Ohio’s Franciscan University Compares Homosexuality to Rape, Robbery, Murder
September 11, 2012 by HRC staff
This post comes from HRC Editorial and Digital Media Intern Leanne Naramore:
Ohio’s Franciscan University of Steubenville is in hot water for a fall social work course titled “SWK 314: Deviant Behavior” that likens homosexuality to rape, robbery, murder, drug use and more.
The course description reads: “Deviant Behavior focuses on the sociological theories of deviant behavior such as strain theory, differential association theory, labeling theory, and phenomenological theory. The behaviors that are primarily examined are murder, rape, robbery, prostitution, homosexuality, mental illness, and drug use. The course focuses on structural conditions in society that potentially play a role in influencing deviant behavior.”
Of course, categorizing same-sex attraction as “deviant” has long been debunked by the American Psychiatric Association, the American Medical Association, the American Psychological Association and every other major medical and psychological organization. Franciscan University now faces investigation by the Council on Social Work Education (CSWE), the organization that accredits the university’s social work program.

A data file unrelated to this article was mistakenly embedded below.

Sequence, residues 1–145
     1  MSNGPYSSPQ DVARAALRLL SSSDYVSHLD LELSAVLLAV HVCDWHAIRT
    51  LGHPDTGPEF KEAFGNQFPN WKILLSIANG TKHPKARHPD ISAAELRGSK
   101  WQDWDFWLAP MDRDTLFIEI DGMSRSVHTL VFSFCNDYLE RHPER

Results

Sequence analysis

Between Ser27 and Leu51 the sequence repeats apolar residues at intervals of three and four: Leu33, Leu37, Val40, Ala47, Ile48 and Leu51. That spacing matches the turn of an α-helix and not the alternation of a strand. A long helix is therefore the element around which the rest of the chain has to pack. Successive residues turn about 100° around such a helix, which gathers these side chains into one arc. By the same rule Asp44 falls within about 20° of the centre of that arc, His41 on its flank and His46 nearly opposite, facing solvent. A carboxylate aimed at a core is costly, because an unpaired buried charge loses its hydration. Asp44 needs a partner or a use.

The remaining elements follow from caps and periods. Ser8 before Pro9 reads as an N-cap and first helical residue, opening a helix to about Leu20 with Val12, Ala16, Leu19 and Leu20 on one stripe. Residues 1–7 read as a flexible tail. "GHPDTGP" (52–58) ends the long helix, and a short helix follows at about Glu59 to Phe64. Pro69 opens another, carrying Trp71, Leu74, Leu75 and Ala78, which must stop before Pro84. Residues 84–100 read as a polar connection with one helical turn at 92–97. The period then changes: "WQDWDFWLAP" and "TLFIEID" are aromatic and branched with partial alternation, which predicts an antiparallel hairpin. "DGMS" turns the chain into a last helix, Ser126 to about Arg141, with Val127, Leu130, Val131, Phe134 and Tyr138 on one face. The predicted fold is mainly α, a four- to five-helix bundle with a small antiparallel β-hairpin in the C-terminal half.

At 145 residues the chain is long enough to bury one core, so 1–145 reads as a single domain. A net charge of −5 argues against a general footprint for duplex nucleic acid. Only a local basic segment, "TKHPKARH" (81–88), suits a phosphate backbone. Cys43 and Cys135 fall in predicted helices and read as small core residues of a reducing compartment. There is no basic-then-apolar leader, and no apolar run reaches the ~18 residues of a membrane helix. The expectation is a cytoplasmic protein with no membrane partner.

Stephen Holloway, the director of the office of accreditation at the CSWE, explains, “The fact that homosexuality was identified in the course description as a deviant behavior raises a flag. Understanding diversity and difference and their dynamics in society is critical for social workers to be effective in working with diverse populations.”
Here is a brief excerpt from Franciscan University’s September 4 statement in response to the controversy: “Franciscan University follows Catholic Church teaching in regard to homosexuality and treats homosexual persons with ‘respect, compassion, and sensitivity’ (Catechism of the Catholic Church, No. 2358) while holding homosexual acts as ‘intrinsically disordered’ (Catechism, No. 2357).”
You can read the University’s full statement here, courtesy of NPR.
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